‘Wise use’ is defined as “Sustainable utilisation for the benefit of mankind in a way compatible with the maintenance of the natural properties of the ecosystem”.
‘Sustainable utilisation’ in turn is defined as “That which meets the needs of the present without compromising the ability of future generations to meet their own needs”.
Since 1971 this has been, and remains, the UK government’s position in terms of international law. How this matches up against what has actually been done is an interesting story.
Before the second world war, conservation was not a high profile issue, though this is not to say that no interest was taken at all. As long ago as 1890, pollution of Glastonbury Mill Stream led to threats of legal action from the Upper Brue Internal Drainage Board, though none was actually taken; and in 1899 further pollution of the Mill Stream was traced to Glastonbury & Street sewage works. Similar incidents continued to occur, and in 1921 it was reported that ‘pollution has been a big problem over the years, though somehow nothing seems to be done on a lasting footing’.
Practical conservation projects also go back to before the war. Half of all species of flora and fauna in the UK come from wetland habitats, and in 1915 a new hybrid species of sedge was discovered near Sharpham. In 1923 the site was visited by Professor Sir A.G.Tansley – the man credited with inventing the term ‘ecosystem’ – who recorded 98 species of flowering plants in only two hours. Supported by Professor Tansley, the Sharpham Plot was bought by the Society for the Promotion of Nature Reserves – it now belongs to the Somerset Trust for Nature Conservation, and is still preserved, though surrounded by peat workings.
In 1947 1,300 acres alongside the Mill Stream was polluted, and milk and cheese was condemned – at that time food rationing was still in place and this was serious. The tannery firms Clarks, Bailys and Morlands, with 50% government grant funding, paid for dredging the Mill Stream down to Coldharbour Bridge. This was hardly doing anything other than moving the problem on somewhere else, but in 1950 Mill Streams were put under the jurisdiction of the Rivers Boards, in this case the Somerset Rivers Board, in the hope that they could do something more effective. Since then there has been legislation to deal with such blatant pollution, but other issues have come to the fore:
The first was peat excavation and commercial exploitation – which arguably does compromise future generations, but which was steadily increasing from the 1970s onwards. In addition, lowered water tables – from both peat excavation and from pumping – causes peat shrinkage, and the soil on the Levels was literally disappearing. Wildlife habitat, especially for birds, was diminishing at what became an alarming rate.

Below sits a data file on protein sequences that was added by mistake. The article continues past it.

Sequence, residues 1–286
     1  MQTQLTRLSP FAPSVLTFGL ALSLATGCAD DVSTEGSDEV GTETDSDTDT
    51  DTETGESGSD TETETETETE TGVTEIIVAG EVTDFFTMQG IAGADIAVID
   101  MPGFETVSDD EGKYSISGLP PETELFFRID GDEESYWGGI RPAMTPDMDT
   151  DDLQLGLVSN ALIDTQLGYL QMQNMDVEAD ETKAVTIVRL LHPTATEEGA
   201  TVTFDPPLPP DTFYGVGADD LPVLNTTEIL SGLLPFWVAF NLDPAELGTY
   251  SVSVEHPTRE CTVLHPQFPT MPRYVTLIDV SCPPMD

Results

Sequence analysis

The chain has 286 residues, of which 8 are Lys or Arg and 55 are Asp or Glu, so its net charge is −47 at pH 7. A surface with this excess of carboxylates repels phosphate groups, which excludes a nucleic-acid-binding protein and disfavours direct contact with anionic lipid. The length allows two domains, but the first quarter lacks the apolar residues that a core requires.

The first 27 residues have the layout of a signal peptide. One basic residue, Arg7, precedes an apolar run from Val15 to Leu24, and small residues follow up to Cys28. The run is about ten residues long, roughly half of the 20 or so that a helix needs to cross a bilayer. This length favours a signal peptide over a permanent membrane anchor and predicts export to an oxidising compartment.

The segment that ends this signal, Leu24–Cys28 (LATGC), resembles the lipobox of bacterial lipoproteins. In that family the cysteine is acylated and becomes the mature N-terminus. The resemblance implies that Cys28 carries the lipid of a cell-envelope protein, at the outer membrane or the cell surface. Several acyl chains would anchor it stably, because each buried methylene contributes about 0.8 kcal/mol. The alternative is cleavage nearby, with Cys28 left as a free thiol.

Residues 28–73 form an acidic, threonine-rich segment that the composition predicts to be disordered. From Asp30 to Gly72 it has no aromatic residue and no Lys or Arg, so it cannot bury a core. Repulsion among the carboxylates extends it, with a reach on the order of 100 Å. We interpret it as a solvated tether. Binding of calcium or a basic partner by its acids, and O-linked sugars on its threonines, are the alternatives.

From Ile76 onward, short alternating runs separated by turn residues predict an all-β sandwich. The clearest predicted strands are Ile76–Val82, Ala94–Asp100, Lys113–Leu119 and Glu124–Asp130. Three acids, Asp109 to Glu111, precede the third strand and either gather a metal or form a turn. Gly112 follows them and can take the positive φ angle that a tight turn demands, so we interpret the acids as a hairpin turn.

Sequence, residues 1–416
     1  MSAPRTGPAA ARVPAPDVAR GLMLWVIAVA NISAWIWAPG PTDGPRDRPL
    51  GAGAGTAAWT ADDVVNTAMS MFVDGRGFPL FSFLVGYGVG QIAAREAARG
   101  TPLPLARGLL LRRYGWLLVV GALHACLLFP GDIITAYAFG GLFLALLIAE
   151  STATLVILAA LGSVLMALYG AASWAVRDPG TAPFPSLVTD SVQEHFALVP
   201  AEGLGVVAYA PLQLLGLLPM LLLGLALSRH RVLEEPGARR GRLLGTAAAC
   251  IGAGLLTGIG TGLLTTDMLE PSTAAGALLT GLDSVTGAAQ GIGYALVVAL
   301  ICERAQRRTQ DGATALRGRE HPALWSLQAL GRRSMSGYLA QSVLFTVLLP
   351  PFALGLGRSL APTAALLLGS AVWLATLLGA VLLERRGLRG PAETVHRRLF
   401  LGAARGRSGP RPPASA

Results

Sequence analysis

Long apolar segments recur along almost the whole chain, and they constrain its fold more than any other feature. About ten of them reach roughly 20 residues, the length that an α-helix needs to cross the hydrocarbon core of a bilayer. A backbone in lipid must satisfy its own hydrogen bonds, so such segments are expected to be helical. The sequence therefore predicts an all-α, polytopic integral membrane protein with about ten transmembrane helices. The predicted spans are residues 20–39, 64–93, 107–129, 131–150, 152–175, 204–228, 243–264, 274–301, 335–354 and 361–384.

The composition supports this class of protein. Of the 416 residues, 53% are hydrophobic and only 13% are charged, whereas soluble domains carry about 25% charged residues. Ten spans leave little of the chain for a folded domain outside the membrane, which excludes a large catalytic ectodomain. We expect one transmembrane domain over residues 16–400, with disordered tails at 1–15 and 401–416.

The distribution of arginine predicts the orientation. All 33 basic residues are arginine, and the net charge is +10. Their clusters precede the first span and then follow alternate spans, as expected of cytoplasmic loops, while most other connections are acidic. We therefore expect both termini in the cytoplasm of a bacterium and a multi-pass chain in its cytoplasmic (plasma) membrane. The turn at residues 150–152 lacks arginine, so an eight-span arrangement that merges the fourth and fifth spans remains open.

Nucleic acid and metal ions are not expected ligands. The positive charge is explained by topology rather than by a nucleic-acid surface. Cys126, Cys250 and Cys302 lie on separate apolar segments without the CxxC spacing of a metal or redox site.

In 1974 the new regional Wessex Water Authority purchased 100 acres of worked out peat diggings, in order to create the Avalon Lakes. This was the precursor of the much larger Avalon Marshes scheme that we know today.
In 1977, the conflict between peat extraction and conservation became a serious matter of debate for the Internal Drainage Board – which had responsibility for issuing extraction licences, at the same time as consisting largely of farmers. ‘From then on’ the Upper Brue IDB reported, ‘the question of wildlife conservation was to take a considerable amount of time, ingenuity and money to appease the conservationists’. This attitude has changed since, but at the time was indicative of the divide that existed between farmers and those who wished to conserve the countryside. Matters came to a head in the early 1980s.
Also in the 1970s, the assumption that drainage was automatically a good thing was coming into question, and in 1980 the last major drainage scheme in the area was completed, at Cross Moor, on the Axe. In 1981 the Wildlife & Countryside Act came into force; this Act has been the basis for UK legislation in this area ever since. One of its key provisions was to increase and strengthen the basis for SSSIs (Sites of Special Scientific Interest) – though it was not sufficiently clear as to how they should be implemented, nor, crucially, how farmers should be compensated for any negative effect on their income.